• The new CDC guidelines maintain that masking will remain necessary on all modes of public transportation, in hospital settings, clinics, and long-term-care facilities. Those fully vaccinated do not require masks when outside. While indoors, continue to follow all state and local mask mandates. We will essentially stay masked until we have sufficient protective herd immunity.
  • An employer can inquire as to an employee’s vaccination status and with permission post the percent of employees vaccinated. Employees are not under any obligation to respond to the request. As an example, the public health staff in Kitsap County under Dr. Morrow has posted that 90% of employees have been fully vaccinated.
  • Home testing kits for COVID-19 are available and cost about $20 for a package of two tests. Compared to the gold standard PCR test, these home kits are about 64% accurate when you have symptoms and about 34% accurate in the absence of symptoms. The manufacturer’s literature states it’s correct 80% of the time. These types of tests are not useful as a screening tool, but may be the most helpful when you are experiencing COVID-19-like symptoms. Results from these tests are not reported to the local health department, but you are advised to contact public health for advice and management of symptoms.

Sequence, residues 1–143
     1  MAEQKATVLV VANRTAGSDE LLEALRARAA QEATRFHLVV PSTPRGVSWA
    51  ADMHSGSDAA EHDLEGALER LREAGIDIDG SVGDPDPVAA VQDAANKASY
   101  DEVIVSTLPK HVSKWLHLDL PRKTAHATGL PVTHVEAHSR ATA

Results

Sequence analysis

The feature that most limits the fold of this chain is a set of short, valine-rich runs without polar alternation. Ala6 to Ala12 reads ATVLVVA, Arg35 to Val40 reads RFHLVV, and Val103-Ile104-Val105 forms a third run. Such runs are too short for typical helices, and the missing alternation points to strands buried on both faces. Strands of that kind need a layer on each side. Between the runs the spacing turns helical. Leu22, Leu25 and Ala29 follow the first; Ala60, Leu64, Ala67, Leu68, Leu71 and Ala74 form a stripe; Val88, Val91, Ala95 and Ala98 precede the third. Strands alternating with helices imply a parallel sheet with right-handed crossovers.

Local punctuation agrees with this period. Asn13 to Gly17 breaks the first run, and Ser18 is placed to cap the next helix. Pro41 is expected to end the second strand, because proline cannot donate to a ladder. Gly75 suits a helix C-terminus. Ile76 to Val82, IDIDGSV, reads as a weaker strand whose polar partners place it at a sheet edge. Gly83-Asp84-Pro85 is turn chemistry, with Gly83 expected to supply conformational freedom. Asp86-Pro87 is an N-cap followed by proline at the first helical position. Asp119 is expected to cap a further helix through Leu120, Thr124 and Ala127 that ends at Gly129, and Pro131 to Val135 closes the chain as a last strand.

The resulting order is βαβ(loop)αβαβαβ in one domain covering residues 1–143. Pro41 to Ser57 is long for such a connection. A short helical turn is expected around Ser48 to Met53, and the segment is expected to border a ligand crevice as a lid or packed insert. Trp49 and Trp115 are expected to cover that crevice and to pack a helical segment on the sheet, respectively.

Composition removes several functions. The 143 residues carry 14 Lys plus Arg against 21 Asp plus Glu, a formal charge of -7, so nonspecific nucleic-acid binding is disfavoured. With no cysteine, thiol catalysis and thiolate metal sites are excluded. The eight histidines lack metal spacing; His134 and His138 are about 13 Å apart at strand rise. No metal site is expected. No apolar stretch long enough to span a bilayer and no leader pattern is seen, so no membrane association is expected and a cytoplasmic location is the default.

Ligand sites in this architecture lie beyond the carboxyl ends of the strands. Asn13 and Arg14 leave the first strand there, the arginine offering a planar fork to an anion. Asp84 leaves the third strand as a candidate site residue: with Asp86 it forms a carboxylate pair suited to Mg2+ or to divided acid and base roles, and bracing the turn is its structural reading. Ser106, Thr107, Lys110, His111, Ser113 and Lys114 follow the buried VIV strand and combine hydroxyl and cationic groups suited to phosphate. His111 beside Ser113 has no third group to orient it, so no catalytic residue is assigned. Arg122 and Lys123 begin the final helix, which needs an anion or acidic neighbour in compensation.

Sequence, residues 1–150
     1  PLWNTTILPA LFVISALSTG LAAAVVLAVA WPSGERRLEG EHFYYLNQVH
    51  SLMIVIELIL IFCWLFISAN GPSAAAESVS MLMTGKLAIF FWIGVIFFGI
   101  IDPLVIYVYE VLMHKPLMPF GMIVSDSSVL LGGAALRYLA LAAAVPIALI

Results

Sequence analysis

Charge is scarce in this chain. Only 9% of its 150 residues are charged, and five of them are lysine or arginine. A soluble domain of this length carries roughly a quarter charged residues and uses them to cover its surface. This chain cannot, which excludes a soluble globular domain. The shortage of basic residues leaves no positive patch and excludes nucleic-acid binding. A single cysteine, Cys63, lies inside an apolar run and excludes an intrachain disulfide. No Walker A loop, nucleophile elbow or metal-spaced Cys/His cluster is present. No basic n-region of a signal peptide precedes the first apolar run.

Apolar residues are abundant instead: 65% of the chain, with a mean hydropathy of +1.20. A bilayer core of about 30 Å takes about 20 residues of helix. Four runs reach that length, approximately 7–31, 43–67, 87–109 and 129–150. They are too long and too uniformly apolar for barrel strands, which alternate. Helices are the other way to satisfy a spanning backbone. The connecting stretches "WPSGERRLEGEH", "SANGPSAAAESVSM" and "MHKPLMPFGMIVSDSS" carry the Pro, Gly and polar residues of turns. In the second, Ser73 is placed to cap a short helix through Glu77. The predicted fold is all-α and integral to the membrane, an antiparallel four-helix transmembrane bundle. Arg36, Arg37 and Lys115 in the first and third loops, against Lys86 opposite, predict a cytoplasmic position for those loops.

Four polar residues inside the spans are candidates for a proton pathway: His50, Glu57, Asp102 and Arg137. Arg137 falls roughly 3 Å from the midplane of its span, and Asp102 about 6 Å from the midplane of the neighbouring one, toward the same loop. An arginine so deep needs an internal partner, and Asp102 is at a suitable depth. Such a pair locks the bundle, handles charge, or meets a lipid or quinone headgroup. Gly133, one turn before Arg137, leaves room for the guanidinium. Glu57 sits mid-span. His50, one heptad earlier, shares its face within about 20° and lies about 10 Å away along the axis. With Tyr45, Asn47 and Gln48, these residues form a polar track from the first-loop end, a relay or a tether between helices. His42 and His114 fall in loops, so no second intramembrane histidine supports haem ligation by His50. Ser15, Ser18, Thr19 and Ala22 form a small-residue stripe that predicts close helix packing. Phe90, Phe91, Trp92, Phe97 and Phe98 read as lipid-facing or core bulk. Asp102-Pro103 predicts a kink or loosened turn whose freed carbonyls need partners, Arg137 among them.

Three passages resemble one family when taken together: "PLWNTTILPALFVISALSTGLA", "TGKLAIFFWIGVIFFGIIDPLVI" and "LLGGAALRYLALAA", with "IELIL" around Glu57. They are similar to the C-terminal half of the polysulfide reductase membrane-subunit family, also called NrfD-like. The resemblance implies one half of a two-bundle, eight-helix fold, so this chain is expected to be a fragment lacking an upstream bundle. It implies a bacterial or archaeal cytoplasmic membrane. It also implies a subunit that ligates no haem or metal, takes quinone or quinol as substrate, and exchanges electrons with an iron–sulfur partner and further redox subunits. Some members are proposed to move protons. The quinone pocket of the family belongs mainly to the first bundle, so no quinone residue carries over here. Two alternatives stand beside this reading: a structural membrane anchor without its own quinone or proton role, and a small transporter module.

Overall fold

• The connection of the blood clotting cases with the Johnson & Johnson vaccine have been reported among one man and 27 women sometime after receiving that vaccine. This is a rare occurrence in the general public, rare among 8.7 million doses of the vaccine given to date, and is connected to a drug called heparin, used to thin blood when a person develops blood clots. Some people experience the reverse reaction, and the blood clots more from an unwanted immune response after receiving heparin. A pause in the use of the vaccine allowed the manufacturers and the FDA to issue new guidelines for use in certain populations who may experience this reaction.
  • Another point of misinformation: there is no need to isolate when you receive any vaccination for COVID-19, as there is no virus in any of the vaccines to cause an actual infection, so you will not be “shedding” any virus. As the vaccine begins to make antibodies, you are actually safer to be around. The vaccine simply induces your immune system to make antibodies to the coronavirus as a practice run. We know this is true because those who receive the vaccine do not test positive for the coronavirus.